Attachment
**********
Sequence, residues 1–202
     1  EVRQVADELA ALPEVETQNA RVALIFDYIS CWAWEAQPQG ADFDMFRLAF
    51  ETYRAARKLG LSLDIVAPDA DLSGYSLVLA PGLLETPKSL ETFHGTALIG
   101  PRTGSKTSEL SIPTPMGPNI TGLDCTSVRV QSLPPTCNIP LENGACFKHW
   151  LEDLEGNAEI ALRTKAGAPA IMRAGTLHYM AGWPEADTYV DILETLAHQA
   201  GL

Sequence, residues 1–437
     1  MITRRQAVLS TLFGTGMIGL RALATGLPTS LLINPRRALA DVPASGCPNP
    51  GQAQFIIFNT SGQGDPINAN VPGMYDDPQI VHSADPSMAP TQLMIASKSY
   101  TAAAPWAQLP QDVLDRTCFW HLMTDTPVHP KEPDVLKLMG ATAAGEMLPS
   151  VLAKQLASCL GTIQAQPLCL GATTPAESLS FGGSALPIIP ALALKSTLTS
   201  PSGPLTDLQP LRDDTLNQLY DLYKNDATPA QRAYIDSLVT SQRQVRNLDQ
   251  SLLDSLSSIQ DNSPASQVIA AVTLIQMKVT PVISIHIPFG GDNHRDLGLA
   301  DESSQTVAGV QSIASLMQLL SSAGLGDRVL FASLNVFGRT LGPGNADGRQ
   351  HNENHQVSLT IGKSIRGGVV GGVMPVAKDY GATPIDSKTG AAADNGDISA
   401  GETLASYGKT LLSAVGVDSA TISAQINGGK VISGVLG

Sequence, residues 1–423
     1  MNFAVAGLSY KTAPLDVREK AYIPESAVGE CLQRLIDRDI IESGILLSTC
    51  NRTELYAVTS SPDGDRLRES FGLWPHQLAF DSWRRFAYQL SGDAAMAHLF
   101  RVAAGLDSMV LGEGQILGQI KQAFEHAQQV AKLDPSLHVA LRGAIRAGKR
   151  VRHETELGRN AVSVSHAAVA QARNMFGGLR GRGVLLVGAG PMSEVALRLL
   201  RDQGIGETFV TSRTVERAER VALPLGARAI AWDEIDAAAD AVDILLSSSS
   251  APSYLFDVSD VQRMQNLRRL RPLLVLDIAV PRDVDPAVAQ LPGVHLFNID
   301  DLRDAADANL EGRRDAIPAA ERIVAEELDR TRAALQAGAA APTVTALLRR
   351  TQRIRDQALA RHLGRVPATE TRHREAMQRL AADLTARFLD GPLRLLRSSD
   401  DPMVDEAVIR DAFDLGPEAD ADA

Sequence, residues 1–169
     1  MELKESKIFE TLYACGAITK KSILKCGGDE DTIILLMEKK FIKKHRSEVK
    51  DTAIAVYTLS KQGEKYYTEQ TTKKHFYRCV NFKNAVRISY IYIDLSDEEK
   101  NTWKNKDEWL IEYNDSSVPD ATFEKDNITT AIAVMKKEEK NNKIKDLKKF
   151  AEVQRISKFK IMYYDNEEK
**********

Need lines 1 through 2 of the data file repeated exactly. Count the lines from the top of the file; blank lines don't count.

Sequence, residues 1–202
     1  EVRQVADELA ALPEVETQNA RVALIFDYIS CWAWEAQPQG ADFDMFRLAF